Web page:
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Installing Power View for Multidimensional Models


Power View was a new reporting option added in the SQL Server 2012 release as part of the SharePoint integrated mode of Reporting Services. From the beginning it was limited to only reporting off tabular models (and therefore PowerPivot models as well). Power View later made its way into Excel 2013, still maintaining support only for Tabular. That all changed when Microsoft announced at the 2012 PASS Summit that Power View reporting was coming to multidimensional models in a later update. A CTP dropped in January of 2013 and the “later update” was finally released on May 31, 2013.


This update only affects reporting services in SharePoint mode, it does not modify the functionality of Power View in Excel 2013. Currently Excel 2013 still only supports Power View for tabular models.

Here are the pre-requisites to use Power View with multidimensional models before we hop into the install.

  • Microsoft SQL Server 2012 Analysis Services (Multidimensional) with SP1 and Cumulative Update 4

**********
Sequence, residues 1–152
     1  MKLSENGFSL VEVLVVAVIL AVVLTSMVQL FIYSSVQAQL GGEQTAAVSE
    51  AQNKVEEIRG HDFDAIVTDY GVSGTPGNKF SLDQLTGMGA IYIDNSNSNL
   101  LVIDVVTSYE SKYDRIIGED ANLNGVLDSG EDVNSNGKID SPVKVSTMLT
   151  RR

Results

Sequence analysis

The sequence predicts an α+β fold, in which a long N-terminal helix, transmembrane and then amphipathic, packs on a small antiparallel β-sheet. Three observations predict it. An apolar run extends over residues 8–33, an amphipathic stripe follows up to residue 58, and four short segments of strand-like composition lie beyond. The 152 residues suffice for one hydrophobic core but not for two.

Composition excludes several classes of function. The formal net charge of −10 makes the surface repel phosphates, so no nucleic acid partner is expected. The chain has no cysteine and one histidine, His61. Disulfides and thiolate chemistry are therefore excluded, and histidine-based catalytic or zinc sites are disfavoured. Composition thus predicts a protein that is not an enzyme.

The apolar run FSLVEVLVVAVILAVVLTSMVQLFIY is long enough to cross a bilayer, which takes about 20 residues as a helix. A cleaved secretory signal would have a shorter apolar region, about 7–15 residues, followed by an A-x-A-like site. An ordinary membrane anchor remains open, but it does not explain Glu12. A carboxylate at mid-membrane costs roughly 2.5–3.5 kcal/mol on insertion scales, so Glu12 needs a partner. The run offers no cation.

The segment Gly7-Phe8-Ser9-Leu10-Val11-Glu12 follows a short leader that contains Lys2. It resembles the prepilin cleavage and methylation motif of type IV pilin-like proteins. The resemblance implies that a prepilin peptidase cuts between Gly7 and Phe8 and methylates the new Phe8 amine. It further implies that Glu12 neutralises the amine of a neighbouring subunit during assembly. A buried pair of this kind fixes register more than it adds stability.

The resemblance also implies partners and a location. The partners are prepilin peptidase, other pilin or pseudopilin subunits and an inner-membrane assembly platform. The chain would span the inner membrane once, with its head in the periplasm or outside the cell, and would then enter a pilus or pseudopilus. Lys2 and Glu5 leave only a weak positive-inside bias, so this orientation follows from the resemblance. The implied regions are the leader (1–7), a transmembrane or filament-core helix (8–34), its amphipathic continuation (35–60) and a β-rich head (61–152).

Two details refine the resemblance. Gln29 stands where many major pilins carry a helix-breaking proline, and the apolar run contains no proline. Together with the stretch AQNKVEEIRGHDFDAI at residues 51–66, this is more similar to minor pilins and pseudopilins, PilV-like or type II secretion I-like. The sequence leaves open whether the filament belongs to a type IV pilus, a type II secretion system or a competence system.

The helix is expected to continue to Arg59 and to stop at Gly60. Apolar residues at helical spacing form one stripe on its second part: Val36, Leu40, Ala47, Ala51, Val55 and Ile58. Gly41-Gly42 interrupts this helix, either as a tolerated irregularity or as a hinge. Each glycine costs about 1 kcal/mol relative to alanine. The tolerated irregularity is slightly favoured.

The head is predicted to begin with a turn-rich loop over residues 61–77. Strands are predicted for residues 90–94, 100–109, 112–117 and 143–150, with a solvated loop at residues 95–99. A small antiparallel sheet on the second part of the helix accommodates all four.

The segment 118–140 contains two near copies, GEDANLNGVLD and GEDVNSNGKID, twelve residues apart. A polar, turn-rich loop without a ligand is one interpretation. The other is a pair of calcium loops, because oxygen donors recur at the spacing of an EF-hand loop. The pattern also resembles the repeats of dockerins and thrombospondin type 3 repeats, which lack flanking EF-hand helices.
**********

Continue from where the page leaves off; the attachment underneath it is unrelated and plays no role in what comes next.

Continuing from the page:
• Microsoft SQL Server 2012 Reporting Services in SharePoint Integrated Mode with SP1 and Cumulative Update 4
  • One of the following two versions of SharePoint
    • SharePoint 2010 SP1 Enterprise Edition
    • SharePoint 2013 Enterprise Edition

Now for the installation (which is pretty standard) and then how to access Power View for Multidimensional.

Step 1: Download the Cumulative Update (CU) from here.

Step 2: Download and run the file called 464142_intl_x64_zip.exe

Step 3: Run the resulting file called SQLServer2012-KB2833645-x64-PowerViewForMultidimensional.exe


Step 4: Click Next after all the checks have run on the Install a SQL Server 2012 Update screen.


Step 5: Accept the licence terms and click Next.


Step 6: Check the box next to all instances you would like to apply the CU to. I happen to have several instances on this virtual machine. Be sure to apply this to all servers with the Reporting Services – SharePoint feature as well as any instance running multidimensional analysis services you would like to create Power View reports against.